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Kremlin: Claims that Putin ‘involved’ in Skripal case are grossly invalid and groundless

The Kremlin affirmed that President Vladimir Putin is in no way involved in the Skripal affair and stressed that such accusations do not hold any water
Russian Presidential Spokesman Dmitry Peskov Mikhail Metzel/TASS
Russian Presidential Spokesman Dmitry Peskov
© Mikhail Metzel/TASS

MOSCOW, October 15. /TASS/. The Kremlin is confident that there can be no well-grounded accusations against Russian President Vladimir Putin concerning his alleged involvement in the poisoning of the Skripals, Russian Presidential Spokesman Dmitry Peskov told reporters.

"US President [Donald Trump] did not come up with any direct accusations [against the Russian leader in an interview with CBS News]," he noted. "Moreover, there can be no substantiated accusations against the Russian president."

Trump earlier told CBS television that Putin could "probably" be "involved in assassinations" and "poisonings."

The Kremlin spokesman stressed that Russia has nothing to do and can potentially have nothing to do with such accusations.

Skripal saga

According to London, former GRU Colonel Sergei Skripal, who had been convicted in Russia of spying for Great Britain and later swapped for Russian intelligence officers, and his daughter Yulia suffered the effects of an alleged nerve agent in the British city of Salisbury on March 4. Claiming that the substance used in the attack had been a Novichok-class nerve agent developed in the Soviet Union, London rushed to accuse Russia of being involved in the incident. Moscow refuted all of the United Kingdom’s accusations, saying that neither the Soviet Union nor Russia ever had any program aimed at developing such a substance.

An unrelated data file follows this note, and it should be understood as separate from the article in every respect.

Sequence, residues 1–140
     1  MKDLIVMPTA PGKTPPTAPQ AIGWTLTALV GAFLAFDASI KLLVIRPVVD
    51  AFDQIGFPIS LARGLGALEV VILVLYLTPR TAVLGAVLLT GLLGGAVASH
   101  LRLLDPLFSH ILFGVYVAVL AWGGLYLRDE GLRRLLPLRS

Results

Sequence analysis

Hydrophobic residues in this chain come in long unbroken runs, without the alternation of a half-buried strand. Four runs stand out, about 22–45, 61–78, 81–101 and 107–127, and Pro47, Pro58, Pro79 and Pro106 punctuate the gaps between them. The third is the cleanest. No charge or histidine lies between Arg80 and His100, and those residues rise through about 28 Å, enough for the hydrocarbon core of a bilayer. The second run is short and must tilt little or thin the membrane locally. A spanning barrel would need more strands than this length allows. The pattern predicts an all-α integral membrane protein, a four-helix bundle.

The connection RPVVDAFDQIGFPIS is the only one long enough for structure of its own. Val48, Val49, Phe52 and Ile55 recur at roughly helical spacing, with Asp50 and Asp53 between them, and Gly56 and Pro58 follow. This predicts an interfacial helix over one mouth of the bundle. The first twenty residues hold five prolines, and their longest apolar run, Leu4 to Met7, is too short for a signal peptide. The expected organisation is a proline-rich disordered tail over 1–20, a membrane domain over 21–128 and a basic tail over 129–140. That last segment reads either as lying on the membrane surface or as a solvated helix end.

On September 5, British Prime Minister Theresa May informed the country’s parliament about the findings the investigators looking into the Salisbury incident had come to, asserting that two Russians, believed to be GRU agents, were suspected of conspiracy to murder the Skripals. The Metropolitan Police published the suspects’ photos, saying their names were Alexander Petrov and Ruslan Boshirov.

In late September, The Telegraph claimed that "one of the trained assassins wanted for poisoning Sergei Skripal is a decorated colonel in Russian military intelligence given the country’s highest award by Vladimir Putin," adding that his real identity can be disclosed as Colonel Anatoly Vladimirovich Chepiga. However, Kremlin Spokesman Dmitry Peskov said he had no information about any awards presented by the Russian president to a man named Anatoly Chepiga.